From a glass of wine with your dinner to the occasional beer with friends, colleagues or family members, it’s normal to enjoy alcohol from time to time. However, if you use an SSRI such as sertraline (Zoloft), it’s not recommended to drink alcohol. The relationship between sertraline (Zoloft) and alcohol is big and well-researched.
Sertraline is one of several SSRIs used to treat major depressive disorder, post-traumatic stress disorder and social anxiety disorder. With millions of prescriptions in the US alone, it’s one of the most widely used and thoroughly tested SSRIs on the market.
If you’ve been prescribed sertraline, it’s normal to have questions about drinking alcohol while you take it. Below, we’ve answered common questions about consuming sertraline (Zoloft) and alcohol, and the health risks it can create.
Spoiler alert: Sertraline (Zoloft) and alcohol don’t go together.
Is it Safe to Drink Alcohol While Using Sertraline?
The FDA recommends avoiding alcohol consumption while using sertraline.
Sertraline and alcohol both affect your brain. When used together, alcohol’s effects on the brain can complicate the effects of sertraline.
Sertraline works by increasing the amount of serotonin that’s active in your brain. Alcohol, as a depressant, can affect your body’s serotonin levels and communication between different parts of your brain, potentially worsening sertraline side effects. Mixing sertraline and alcohol means you may have a higher risk of experiencing sertraline side effects such as nausea, drowsiness and dizziness. Alcohol’s sedative effects can compound those of sertraline, making you feel more fatigued and sleepy than normal.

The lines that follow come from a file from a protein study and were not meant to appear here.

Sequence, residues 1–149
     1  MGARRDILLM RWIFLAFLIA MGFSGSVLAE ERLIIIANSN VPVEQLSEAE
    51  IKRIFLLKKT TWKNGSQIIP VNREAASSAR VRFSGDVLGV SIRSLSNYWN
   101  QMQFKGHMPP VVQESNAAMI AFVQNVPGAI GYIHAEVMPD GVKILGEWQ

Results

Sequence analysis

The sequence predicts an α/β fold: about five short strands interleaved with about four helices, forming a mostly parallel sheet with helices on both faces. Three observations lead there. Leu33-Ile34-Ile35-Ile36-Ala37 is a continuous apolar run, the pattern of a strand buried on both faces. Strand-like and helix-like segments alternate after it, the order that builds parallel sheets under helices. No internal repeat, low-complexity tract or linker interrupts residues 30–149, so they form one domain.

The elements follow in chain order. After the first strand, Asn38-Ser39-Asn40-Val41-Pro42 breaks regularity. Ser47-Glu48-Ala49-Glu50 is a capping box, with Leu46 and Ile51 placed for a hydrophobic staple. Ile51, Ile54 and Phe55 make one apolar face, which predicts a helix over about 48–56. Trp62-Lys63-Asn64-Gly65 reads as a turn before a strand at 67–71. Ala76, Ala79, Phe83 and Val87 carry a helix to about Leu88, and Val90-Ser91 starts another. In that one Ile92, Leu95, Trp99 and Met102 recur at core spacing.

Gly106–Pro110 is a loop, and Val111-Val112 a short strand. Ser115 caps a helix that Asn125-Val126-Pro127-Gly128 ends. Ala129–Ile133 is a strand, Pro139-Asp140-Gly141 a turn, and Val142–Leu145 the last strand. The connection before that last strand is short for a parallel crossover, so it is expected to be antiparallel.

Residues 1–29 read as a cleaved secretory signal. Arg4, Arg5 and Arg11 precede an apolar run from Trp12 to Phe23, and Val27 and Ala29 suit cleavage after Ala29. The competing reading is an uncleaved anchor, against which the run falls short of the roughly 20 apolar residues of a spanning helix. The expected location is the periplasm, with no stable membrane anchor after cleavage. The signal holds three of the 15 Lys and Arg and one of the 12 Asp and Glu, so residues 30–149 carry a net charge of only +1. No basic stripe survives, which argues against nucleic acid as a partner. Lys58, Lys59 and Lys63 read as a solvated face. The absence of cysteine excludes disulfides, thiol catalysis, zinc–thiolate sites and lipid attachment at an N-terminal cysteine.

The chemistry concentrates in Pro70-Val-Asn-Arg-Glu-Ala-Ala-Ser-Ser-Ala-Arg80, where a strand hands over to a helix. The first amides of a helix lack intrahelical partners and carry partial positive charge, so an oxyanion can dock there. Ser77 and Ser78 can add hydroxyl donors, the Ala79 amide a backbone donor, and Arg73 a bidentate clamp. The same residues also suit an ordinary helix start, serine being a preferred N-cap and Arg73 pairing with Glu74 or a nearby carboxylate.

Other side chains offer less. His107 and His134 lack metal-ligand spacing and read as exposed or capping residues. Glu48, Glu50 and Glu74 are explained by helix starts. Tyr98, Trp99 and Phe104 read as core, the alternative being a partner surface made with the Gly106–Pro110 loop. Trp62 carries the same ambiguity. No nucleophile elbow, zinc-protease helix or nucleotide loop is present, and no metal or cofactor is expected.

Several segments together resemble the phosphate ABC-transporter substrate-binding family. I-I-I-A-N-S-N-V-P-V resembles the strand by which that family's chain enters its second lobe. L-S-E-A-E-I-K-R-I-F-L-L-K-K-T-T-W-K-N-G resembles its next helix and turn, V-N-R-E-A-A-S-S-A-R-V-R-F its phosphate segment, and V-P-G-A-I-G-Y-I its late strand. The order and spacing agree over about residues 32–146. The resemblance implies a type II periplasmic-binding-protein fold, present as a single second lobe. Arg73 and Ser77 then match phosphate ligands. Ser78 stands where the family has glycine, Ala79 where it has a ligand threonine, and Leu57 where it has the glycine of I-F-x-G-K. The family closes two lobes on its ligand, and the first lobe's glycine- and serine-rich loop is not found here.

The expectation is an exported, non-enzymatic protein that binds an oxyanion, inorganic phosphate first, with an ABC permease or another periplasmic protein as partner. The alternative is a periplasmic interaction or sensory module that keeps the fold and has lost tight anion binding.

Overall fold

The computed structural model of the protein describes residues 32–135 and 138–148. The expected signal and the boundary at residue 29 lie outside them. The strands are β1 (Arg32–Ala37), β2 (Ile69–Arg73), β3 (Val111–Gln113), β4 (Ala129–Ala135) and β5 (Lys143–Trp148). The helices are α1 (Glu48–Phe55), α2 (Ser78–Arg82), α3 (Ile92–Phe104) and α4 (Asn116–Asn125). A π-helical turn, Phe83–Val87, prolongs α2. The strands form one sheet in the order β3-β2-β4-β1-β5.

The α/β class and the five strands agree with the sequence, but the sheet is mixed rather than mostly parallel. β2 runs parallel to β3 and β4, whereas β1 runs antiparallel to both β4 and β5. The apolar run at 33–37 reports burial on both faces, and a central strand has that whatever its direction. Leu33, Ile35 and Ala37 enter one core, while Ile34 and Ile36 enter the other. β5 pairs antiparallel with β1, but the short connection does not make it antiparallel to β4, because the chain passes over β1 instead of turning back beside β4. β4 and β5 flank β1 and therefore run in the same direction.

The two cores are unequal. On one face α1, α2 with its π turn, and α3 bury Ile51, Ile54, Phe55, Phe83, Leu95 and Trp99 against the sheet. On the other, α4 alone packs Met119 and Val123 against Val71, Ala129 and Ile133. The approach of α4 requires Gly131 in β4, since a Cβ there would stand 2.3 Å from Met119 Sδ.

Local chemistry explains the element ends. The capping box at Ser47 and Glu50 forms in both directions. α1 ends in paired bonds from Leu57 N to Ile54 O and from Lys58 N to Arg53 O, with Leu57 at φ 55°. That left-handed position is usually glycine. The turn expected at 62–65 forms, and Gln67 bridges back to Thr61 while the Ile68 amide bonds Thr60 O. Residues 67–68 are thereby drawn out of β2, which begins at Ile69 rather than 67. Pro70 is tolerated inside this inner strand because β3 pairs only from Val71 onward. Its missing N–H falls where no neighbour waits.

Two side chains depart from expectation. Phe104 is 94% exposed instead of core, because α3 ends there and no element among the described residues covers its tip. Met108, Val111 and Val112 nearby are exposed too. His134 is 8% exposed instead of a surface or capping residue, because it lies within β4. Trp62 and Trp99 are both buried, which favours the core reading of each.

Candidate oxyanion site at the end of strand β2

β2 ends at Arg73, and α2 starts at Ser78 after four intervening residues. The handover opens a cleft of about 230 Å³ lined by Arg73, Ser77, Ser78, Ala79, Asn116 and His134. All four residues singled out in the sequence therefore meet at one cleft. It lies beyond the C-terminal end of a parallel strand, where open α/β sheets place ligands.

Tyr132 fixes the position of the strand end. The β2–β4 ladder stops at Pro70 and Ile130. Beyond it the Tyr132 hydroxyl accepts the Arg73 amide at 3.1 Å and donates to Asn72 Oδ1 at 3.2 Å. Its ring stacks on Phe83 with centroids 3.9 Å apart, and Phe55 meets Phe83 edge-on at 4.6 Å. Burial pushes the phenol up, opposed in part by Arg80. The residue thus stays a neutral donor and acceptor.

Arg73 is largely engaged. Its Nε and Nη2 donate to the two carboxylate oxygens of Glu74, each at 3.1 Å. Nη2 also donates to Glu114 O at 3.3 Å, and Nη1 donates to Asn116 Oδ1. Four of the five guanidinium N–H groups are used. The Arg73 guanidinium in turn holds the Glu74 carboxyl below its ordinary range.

Additionally, because alcohol is considered a depressant, consuming it while using sertraline can also increase your risk of anxiety, depression, suicidal thoughts and headaches.
Our point? Sertraline and alcohol don’t mix well.
Alcohol and Depression
If you use sertraline to treat depression, you should not consume alcohol. In fact, your doctor will likely recommend avoiding all alcoholic beverages if you have depression, even if you do not use SSRIs such as sertraline.
Alcohol is a depressant, meaning it can contribute to and worsen many of the most common symptoms of depression. Despite the common belief that alcohol can improve mood, it’s very common for just one or two drinks to cause you to feel more depressed than normal.
Consuming alcohol can also increase your risk of experiencing suicidal thoughts — a serious potential issue if you’re receiving treatment for depression.
In general, it’s best to avoid mixing sertraline (Zoloft) and alcohol. If you’re invited to an event that’s likely to involve alcohol, it’s best to take sertraline as normal and drink a non-alcoholic beverage.
It’s also recommended to avoid alcohol if you use any other SSRIs or antidepressants, as these drugs often interact with alcohol. Finally, if you have depression, you should avoid alcohol even if you aren’t actively receiving treatment using SSRIS or other antidepressant medication.
Learn More About Sertraline
Do you currently use, or are considering using, sertraline? Our 101 guide to sertraline goes into more detail on how sertraline works to treat depression, social anxiety disorder and a variety of other conditions.